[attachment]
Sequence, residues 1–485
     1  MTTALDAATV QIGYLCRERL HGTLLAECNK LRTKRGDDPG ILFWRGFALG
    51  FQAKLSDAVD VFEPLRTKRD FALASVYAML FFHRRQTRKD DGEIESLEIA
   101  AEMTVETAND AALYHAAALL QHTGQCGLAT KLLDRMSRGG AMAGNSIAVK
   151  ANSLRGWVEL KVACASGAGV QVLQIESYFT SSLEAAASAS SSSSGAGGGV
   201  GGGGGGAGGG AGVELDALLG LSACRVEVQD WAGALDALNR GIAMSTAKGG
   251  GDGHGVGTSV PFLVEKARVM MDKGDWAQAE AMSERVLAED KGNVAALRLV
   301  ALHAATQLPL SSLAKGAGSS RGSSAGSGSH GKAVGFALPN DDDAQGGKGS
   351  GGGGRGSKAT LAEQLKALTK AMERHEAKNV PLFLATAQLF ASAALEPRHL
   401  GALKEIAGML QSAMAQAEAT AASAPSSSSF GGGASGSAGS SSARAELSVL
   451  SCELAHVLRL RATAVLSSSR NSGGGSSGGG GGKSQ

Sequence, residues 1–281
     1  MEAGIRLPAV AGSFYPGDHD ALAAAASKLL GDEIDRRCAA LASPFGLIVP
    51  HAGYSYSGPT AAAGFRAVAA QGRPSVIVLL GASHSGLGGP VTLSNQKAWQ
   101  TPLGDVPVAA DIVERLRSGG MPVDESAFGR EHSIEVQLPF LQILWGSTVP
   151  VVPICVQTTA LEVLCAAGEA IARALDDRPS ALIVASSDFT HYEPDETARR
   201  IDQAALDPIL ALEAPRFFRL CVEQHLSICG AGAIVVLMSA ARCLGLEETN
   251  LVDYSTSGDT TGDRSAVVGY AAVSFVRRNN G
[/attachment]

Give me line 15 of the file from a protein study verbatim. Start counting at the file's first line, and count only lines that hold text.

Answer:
   101  TPLGDVPVAA DIVERLRSGG MPVDESAFGR EHSIEVQLPF LQILWGSTVP